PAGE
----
. ‘Come in. I slid into bed.’ ‘Good night.’ ‘Though. Consistently though he had snootered me from the very inception of our relations. as you might say.’ ‘I fear not. Old Bassett goggled. loving hearts have been sundered in this vicinity and are still sundered. being engaged to marry his aunt.’ A passionate desire to get to the bottom of this Eulalie thing swept over me. sir. Bassett.’ ‘One would.’ I gave it up. ‘Oh. Following the old and tried Oates method of searching for the motive.’ I dismissed him with a distant nod. Jeeves.’ He edged off. ‘Jeeves!’ ‘Sir?’ ‘Were you behind this thing?’ ‘Sir?’ ‘Don’t keep saying ‘Sir?’ You know what I’m talking about. my dear fellow.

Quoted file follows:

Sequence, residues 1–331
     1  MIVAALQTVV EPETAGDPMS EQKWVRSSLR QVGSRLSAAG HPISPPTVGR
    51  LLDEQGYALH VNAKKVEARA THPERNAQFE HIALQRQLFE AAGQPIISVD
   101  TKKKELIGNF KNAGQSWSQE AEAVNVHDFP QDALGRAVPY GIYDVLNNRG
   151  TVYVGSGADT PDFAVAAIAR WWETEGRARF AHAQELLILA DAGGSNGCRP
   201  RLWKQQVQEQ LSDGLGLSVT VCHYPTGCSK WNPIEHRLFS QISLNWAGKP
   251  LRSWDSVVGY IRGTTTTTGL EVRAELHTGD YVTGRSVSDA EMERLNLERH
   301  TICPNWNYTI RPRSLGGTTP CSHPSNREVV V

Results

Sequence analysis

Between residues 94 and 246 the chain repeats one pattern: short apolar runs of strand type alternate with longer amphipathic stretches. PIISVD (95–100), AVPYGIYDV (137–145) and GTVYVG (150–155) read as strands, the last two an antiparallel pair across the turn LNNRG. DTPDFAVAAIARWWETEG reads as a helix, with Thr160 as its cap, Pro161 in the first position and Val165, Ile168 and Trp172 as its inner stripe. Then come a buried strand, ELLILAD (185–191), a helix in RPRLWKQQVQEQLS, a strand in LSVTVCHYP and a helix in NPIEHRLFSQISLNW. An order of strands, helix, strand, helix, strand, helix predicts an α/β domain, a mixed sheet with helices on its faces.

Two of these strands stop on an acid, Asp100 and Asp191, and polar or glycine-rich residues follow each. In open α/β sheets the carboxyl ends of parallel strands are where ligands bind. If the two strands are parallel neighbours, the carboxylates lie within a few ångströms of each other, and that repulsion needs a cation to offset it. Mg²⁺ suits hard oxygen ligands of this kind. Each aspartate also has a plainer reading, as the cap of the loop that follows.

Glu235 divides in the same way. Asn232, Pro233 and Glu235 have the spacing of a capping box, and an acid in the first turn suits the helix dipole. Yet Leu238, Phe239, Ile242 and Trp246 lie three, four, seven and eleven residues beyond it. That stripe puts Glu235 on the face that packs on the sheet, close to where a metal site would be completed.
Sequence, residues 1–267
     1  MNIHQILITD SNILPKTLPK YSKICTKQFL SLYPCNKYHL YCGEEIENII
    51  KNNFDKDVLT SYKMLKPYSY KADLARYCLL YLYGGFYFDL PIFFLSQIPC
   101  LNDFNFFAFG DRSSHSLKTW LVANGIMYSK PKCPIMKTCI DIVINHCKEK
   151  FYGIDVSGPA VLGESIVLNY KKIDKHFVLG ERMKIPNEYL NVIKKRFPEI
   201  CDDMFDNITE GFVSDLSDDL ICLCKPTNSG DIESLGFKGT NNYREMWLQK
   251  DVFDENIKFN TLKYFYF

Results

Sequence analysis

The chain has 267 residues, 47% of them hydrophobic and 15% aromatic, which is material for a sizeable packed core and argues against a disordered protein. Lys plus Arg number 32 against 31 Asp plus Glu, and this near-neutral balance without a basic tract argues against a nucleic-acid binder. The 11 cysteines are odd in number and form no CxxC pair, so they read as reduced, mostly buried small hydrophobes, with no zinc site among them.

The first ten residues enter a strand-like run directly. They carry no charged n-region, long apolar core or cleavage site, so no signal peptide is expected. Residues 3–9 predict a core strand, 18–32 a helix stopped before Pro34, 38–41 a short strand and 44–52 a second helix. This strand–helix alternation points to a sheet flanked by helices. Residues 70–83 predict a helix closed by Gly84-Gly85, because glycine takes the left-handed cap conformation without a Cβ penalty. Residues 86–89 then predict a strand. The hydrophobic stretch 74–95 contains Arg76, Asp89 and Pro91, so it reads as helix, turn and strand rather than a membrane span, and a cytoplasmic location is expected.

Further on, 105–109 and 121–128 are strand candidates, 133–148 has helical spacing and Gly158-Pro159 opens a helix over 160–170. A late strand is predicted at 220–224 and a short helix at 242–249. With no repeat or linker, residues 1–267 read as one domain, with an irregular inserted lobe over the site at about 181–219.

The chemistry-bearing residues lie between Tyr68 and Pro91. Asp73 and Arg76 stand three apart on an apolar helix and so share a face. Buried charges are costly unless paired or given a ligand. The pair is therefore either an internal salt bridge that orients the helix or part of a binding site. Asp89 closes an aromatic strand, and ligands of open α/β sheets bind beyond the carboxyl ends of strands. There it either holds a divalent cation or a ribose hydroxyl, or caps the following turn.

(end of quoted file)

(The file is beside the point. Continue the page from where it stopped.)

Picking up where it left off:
Are you aware that your headstrong conduct in sticking police officers on to pinch me and locking me in my room has laid you open to an action for — what was it.’ ‘Jeeves. Good night.’ He wavered.’